Theme: Clinical Research Year: 2022
To achieve hepatitis C virus (HCV) elimination, treatment programs need to be developed to engage,
treat, and cure people who inject drugs (PWID).
We present final data from the Accessible Care Trial for curing HCV in PWID. The randomized clinical
trial compared on-site, low-threshold HCV treatment with care-coordination at a NYC syringe service
program (Accessible Care) with facilitated referral to local providers through a patient navigation
program (Usual Care). Eligible participants were HCV RNA+ and had injected drugs in the past 90 days.
The primary endpoint was achievement of sustained virologic response (SVR12) within 12 months of
Among the 572 participants screened, 167 met eligibility criteria and were enrolled, with two excluded
post-randomization (N=165). Demographics were similar with a median age of 41 years; 22% women.
At baseline, 84% of participants had injected drugs in the past 30 days with those averaging 22
injections/month, 70% were receiving either methadone or buprenorphine, 57% were recently
homeless, 7% were HIV+, and 11% were HCV treatment experienced. In the intention-to-treat analysis,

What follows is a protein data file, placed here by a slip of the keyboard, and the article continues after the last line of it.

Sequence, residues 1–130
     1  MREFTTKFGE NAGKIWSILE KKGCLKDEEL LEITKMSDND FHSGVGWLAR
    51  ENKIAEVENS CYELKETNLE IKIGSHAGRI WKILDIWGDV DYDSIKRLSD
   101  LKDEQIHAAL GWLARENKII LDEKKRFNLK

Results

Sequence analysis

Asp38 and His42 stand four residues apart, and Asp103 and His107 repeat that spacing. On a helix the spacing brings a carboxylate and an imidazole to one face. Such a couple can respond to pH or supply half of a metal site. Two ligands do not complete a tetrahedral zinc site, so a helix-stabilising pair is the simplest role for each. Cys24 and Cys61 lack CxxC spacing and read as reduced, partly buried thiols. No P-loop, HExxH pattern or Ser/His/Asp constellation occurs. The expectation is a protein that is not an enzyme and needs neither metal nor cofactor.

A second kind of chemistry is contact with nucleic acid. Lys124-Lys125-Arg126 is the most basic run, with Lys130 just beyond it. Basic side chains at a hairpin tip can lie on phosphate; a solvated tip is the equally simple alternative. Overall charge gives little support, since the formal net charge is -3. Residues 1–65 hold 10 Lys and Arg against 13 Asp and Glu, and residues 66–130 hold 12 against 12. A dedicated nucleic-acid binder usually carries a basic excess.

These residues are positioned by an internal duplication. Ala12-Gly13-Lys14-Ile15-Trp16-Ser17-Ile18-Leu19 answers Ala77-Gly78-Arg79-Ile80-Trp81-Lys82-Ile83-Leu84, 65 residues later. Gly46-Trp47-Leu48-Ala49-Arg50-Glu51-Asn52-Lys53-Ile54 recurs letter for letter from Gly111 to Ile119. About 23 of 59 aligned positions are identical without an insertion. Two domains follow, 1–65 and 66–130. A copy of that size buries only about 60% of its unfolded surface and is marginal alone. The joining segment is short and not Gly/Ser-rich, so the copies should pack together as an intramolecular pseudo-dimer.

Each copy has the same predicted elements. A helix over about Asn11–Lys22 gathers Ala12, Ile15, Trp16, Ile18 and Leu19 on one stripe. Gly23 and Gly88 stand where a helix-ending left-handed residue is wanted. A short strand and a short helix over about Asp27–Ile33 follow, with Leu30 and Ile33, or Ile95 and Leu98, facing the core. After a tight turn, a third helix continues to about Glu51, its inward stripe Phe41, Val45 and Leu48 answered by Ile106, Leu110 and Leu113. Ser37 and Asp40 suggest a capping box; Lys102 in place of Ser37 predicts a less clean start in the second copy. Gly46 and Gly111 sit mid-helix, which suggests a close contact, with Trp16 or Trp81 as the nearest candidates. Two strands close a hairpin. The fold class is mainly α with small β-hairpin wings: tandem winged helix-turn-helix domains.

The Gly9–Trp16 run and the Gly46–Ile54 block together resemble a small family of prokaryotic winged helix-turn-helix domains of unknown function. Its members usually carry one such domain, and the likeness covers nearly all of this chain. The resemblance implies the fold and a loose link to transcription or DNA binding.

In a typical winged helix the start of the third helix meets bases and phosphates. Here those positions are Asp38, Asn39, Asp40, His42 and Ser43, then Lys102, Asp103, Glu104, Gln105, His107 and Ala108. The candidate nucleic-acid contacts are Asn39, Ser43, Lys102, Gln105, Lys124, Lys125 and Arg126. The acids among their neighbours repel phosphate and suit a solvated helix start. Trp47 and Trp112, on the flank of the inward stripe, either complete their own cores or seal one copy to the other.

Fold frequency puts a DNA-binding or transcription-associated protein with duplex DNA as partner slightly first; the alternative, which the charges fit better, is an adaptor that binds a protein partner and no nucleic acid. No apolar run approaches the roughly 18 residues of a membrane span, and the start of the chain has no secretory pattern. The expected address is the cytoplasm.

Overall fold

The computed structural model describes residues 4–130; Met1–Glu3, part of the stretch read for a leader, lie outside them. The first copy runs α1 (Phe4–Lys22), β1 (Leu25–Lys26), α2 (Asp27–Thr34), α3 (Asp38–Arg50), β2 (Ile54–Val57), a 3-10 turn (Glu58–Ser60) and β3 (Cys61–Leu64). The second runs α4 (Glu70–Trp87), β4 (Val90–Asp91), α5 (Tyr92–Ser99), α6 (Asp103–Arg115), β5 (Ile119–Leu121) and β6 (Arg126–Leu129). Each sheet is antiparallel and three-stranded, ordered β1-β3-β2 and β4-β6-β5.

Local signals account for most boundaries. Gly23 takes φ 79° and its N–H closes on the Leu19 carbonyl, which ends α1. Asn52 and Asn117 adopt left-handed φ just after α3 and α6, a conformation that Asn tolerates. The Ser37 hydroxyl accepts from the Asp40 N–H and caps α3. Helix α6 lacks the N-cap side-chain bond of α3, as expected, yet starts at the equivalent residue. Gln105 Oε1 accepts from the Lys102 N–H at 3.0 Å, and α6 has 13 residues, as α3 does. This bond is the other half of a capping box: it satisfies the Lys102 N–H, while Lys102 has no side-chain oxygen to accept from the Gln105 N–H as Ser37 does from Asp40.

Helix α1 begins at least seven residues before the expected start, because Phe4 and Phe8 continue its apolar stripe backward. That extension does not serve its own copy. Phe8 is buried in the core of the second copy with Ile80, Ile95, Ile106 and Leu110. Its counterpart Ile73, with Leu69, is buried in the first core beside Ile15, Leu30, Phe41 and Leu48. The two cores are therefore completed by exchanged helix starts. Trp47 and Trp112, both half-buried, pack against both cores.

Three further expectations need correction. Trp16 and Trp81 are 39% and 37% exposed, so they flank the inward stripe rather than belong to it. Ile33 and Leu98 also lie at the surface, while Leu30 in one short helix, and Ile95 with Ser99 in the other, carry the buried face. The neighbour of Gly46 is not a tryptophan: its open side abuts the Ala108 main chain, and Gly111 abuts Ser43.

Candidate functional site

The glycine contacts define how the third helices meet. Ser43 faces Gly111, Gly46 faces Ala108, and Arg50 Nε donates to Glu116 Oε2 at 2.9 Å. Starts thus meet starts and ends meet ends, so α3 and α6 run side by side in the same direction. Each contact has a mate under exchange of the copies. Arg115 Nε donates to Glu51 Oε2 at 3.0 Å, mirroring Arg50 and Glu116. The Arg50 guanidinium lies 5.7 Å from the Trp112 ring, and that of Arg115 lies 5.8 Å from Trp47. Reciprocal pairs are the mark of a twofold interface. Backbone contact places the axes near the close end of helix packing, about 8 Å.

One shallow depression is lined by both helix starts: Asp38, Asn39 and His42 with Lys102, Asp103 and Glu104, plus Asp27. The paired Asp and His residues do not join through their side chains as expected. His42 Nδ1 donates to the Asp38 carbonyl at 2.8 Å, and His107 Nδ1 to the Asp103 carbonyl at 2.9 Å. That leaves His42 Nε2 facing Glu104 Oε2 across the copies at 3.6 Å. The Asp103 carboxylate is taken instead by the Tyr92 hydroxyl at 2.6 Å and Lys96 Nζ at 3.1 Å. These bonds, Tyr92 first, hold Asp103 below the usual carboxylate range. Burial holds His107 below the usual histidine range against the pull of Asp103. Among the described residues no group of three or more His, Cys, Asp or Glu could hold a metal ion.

55/82 (67.1%) of the Accessible Care arm and 19/83 (22.9%) of the Usual Care arm achieved SVR12
(p<0.001). The SVR12 rates of those starting therapy were 55/64 (85.9%) and 19/22 (86.3%) in the two
arms (p=0.96). Loss to follow-up (12.2% and 16.9%, p=0.51) was similar in the two arms. Significantly
more participants in the Accessible Care arm achieved all steps in the care cascade with the greatest
attrition in the Usual Care arm seen in referral to clinician and attending clinical visit.
Among HCV RNA+ PWID significantly higher rates of cure were achieved using the Accessible Care model
focused on low-threshold, destigmatized, flexible HCV care compared to facilitated referral. To achieve
HCV elimination, expansion of treatment programs specifically geared toward engaging PWID is
Disclosure of Interest Statement:
Benjamin Eckhardt, Kristen Marks, and Shashi Kapadia receive research grant support from Gilead
Sciences for studies not related to this abstract.